A hop bag in the boil will help with trub loss, but only because you can suspend it over the BK after the boil and wring it out... but don't spend too long with this because you don't want cooled wort exposed to the air for long. I still think sparging the trub is a better idea (which could be done efficiently in a hop bag).

I think you're just going to have to accept trub loss with the dry hopping... that's not the kind of thing you want to wring out because of oxygenation.

As for sugar, I think you could go as high as 20% with no off flavors. I'm actually less concerned about off flavors than an overly dry beer. It's just a balancing act and having an idea what FG your beer will finish. Look over your previous beers to get an idea of the expected attenuation.

If you've used 001 and like it, use it again. It will be fine at the 10% alcohol range. Personally I hate that yeast because of its terrible flocculation, but that's why it's such a great attenuator. Common wisdom is that any yeast can ferment up to 10%, so long as you pitch ULTRA healthy yeast.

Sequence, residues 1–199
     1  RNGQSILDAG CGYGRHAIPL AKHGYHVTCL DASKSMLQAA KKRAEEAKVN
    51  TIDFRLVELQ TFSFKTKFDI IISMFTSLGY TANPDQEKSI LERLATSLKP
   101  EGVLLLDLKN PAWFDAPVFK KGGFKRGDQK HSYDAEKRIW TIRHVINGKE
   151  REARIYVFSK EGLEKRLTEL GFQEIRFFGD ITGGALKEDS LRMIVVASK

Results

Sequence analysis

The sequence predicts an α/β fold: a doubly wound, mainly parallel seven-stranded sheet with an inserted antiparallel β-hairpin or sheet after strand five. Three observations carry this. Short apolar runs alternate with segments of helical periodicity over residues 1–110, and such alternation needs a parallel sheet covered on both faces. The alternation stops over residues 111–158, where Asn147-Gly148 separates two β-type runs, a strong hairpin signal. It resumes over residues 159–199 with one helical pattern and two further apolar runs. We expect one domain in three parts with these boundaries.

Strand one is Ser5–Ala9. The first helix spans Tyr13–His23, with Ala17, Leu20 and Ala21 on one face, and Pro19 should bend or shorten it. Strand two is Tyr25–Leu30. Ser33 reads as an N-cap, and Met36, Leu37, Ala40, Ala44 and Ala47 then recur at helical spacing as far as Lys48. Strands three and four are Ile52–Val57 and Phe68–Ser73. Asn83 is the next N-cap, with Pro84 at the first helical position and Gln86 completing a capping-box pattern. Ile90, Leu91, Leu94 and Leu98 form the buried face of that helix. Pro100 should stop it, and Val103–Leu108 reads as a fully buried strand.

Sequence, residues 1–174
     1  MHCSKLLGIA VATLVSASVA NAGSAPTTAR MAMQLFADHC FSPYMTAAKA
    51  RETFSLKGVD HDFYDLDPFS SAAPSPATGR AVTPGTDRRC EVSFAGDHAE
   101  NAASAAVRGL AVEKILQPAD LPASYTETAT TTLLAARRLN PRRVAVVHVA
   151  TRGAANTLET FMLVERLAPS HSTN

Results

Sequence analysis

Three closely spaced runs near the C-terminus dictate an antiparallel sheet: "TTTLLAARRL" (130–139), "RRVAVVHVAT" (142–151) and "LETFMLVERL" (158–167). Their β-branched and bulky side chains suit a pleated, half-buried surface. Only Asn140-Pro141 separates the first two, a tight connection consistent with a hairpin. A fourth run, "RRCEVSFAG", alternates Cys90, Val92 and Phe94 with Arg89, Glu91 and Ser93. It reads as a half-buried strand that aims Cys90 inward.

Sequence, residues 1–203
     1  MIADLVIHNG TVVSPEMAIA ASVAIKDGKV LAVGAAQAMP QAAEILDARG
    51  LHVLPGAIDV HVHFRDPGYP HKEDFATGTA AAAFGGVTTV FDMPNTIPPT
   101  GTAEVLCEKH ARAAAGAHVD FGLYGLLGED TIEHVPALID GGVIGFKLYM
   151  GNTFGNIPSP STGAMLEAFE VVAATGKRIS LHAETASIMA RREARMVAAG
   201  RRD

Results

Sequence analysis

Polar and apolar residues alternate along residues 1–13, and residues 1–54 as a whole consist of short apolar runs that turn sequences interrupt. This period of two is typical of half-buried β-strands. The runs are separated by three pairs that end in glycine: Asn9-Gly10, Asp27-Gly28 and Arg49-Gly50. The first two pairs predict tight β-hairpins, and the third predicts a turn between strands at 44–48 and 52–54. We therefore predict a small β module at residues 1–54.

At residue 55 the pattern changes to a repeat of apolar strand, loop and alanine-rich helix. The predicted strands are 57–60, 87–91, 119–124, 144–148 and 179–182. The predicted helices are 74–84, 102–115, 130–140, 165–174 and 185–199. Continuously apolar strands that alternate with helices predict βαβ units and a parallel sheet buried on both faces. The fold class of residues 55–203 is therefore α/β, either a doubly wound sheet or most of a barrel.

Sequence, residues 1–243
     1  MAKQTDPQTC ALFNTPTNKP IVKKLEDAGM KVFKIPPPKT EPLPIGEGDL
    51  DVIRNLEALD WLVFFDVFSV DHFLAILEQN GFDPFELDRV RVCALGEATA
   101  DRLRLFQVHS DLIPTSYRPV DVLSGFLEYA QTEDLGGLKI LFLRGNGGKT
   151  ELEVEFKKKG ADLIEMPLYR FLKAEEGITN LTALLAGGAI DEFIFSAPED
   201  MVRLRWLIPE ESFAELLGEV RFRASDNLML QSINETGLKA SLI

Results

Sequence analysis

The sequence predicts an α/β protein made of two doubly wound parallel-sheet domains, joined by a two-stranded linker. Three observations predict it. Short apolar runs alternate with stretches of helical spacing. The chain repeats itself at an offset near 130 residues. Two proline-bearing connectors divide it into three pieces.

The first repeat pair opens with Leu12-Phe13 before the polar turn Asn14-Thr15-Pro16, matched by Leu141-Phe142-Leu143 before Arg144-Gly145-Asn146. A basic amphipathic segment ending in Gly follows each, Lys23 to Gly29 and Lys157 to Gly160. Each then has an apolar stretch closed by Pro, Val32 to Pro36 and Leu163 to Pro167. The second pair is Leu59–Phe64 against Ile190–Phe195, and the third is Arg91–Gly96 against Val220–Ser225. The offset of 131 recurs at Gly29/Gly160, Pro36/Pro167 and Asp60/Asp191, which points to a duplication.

__________________
kanzimonson is offline
 
Reply With Quote Quick reply to this message
Reply



Quick Reply
Message:
Options
Thread Tools


Similar Threads
Thread Thread Starter Forum Replies Last Post
Porter Recipe Critique - Any help appreciated! sundaybrewingco Recipes/Ingredients 5 07-24-2010 02:05 PM
My first attempt at an ESB - advice/critique needed and appreciated! krugulitis Recipes/Ingredients 26 01-25-2010 11:52 AM
First recipe - feedback appreciated stageseven Recipes/Ingredients 6 06-27-2009 03:04 AM
First Custom Homebrew Recipe - Any Help Appreciated loosey Recipes/Ingredients 5 07-08-2008 10:58 PM
Trying to balance a recipe... Help would be appreciated!! Anthony_Lopez Recipes/Ingredients 11 03-19-2008 05:26 PM